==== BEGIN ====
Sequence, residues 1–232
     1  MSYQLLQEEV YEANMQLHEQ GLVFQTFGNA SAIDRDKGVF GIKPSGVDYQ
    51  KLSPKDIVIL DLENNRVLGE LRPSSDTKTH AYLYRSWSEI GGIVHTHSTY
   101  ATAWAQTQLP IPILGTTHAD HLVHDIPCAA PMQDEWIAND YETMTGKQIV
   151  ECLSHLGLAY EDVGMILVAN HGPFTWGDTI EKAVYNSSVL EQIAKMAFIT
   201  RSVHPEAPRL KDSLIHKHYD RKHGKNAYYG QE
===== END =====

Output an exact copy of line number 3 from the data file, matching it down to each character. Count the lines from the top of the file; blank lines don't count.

    51  KLSPKDIVIL DLENNRVLGE LRPSSDTKTH AYLYRSWSEI GGIVHTHSTY